21) Morality. Seeing children negatively is considered immoral.

22) Preferences falsifications.
From personal experience, it is highly damaging to one's reputation to say that children do not bring happiness. You got to be painted as a heartless and immoral person. And stupid, too. Lacking emotions, and so on.

Such social dynamics have serious effects on the sharing of information and on the sincerity of people when talking their preferences.

Private Truths, Public Lies, is a book by Timur Kuran, discussing the strong effects these lies have on choices and expressed opinions.
I have not doubt that there is a role for that social norm. Where it is illegitimate to say that you do not like children or do not want to have, it should bias actual responses of people towards that.

23) Loss aversion.
Females cannot have kids after age 45. Not having children means losing the option to have children.
Technically, having kids is also irreversible. But loss aversion is a matter of psychological framing (it is how you define the choice rather than its objective properties). It feels like losing the option.

I have heard this point several times form women.

24) Self delusion dynamics. Self delusion is generally beneficial for mental health. Depressed are generally mnroe realistic, while happy people are deluding themselves that they are smart and so on. Generally, people manage to switch out of self delusionary state when making a decision, and then going back to happy delusions. Yet in kids too many people and stages in life we want to believe kids are great. As kids we do not want to think we are a burden on our parents. We want to belive they have fun sponsoring us and suffering us etc. as people wiht kids we want to belive same. Even without kids we have an interest to enjoy our fantasies and indulge in the idea of a better future oncre we sedttle down and create a family etc. dreams. Possibly, there is not much possibility to switch back to realistic state.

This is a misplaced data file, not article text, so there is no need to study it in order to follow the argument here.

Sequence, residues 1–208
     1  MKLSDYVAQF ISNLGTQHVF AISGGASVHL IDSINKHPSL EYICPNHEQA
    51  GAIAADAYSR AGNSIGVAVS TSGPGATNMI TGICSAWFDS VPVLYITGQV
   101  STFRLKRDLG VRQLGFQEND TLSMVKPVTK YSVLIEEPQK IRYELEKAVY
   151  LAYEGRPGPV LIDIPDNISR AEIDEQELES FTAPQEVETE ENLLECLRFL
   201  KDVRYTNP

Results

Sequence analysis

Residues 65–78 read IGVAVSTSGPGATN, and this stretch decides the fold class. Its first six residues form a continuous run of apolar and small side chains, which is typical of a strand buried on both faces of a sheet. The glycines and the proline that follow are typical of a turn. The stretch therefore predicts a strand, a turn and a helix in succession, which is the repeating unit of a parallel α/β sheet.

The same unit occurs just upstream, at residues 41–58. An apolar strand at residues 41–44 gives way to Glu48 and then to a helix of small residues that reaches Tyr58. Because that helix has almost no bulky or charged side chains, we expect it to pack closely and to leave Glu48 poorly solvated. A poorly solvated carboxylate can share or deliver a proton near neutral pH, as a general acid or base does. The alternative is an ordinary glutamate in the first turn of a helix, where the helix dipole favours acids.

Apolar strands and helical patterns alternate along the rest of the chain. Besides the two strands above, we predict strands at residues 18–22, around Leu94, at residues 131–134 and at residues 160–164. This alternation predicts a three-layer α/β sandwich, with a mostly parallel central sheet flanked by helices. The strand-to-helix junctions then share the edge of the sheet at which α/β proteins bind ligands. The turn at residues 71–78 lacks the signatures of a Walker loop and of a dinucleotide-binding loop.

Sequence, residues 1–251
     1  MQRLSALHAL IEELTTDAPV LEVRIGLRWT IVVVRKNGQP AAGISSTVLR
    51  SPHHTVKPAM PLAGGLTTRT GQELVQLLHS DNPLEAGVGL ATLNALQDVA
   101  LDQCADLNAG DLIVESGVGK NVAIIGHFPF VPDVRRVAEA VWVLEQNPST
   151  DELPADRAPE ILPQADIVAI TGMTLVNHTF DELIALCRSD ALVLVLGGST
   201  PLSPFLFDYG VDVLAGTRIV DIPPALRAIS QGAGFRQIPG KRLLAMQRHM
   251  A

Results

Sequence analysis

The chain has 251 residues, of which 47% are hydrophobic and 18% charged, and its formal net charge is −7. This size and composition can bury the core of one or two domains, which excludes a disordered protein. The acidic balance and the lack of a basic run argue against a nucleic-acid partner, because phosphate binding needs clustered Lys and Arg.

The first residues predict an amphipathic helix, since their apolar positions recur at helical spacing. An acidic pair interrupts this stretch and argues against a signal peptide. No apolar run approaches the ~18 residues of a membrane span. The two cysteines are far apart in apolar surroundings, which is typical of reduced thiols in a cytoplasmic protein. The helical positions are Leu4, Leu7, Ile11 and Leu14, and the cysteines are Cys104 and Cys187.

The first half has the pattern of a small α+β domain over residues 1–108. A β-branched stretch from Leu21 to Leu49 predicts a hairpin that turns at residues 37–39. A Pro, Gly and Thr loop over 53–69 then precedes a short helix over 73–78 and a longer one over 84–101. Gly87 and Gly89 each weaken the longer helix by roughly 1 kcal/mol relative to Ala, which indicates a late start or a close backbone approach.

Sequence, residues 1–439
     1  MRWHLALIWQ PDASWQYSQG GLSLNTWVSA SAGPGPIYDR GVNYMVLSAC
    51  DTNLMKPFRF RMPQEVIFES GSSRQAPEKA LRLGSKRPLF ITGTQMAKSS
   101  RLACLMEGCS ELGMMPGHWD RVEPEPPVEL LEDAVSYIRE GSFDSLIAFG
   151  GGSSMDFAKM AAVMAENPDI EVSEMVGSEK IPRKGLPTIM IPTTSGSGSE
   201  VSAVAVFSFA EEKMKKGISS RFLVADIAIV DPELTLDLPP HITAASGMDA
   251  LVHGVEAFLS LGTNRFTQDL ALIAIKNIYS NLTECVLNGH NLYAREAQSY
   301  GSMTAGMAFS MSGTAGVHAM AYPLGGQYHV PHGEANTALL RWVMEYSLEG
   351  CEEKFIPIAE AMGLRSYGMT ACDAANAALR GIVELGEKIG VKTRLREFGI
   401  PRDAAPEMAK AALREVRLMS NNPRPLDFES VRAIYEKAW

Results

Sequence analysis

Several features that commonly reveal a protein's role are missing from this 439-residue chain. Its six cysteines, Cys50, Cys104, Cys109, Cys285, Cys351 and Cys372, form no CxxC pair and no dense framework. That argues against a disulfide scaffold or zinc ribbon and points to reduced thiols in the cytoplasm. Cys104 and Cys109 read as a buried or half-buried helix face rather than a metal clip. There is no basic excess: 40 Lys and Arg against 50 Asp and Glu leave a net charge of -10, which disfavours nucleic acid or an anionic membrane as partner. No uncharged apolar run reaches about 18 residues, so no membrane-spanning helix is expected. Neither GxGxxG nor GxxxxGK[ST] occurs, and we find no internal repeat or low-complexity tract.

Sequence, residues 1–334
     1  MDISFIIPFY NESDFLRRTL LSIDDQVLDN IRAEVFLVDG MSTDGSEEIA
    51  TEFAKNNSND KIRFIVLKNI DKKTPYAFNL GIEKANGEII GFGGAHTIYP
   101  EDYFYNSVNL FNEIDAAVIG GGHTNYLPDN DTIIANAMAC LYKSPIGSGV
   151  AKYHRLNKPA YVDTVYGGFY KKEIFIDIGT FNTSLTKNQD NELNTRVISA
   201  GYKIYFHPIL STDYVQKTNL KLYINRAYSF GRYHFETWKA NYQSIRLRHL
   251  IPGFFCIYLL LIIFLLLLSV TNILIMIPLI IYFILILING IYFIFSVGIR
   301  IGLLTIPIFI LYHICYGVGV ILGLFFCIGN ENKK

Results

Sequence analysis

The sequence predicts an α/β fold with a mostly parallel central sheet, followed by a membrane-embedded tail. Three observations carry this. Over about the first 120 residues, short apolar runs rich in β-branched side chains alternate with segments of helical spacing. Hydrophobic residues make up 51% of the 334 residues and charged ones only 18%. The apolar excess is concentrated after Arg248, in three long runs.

It is also possible that much of opinion creation about kids value is done without a decision mind state. Moreover, many may not even deliberately think whether kids are good and whether they want them. (maybe it is generally good not to think too much, but it fires back for highly important decisions especially if the natural default is not beneficial)

Curious point. I have never heard of a scientist working on a campaign to convince people aobut the parenthood paradox to convince people to avoid having kids. Why?

PS. Curious about the financial cost of raising a child?

Says $125,000 in after tax amoney.

I haven't reviewed the numbers.


For a great review see:
Appendix B: The Parenthood paradox, in Baumeister Roy, The meanings of Life, 1991

Baumeister RF, Heatherton TF, Tice DM (1994): Losing Control:
How and Why People Fail at Self-Regulation. San
Diego, Academic Press

The Cultural Animal is a book by Roy Baumeister, 2005.

Stumbling on Happiness is a book by Daniel Gilbert, 2006, Knopf, NY

Lucas, R.E., Clark, A.E., Georgellis, Y., & Diener, E. (2003). Re-examining
adaptation and the setpoint model of happiness: Reactions to changes in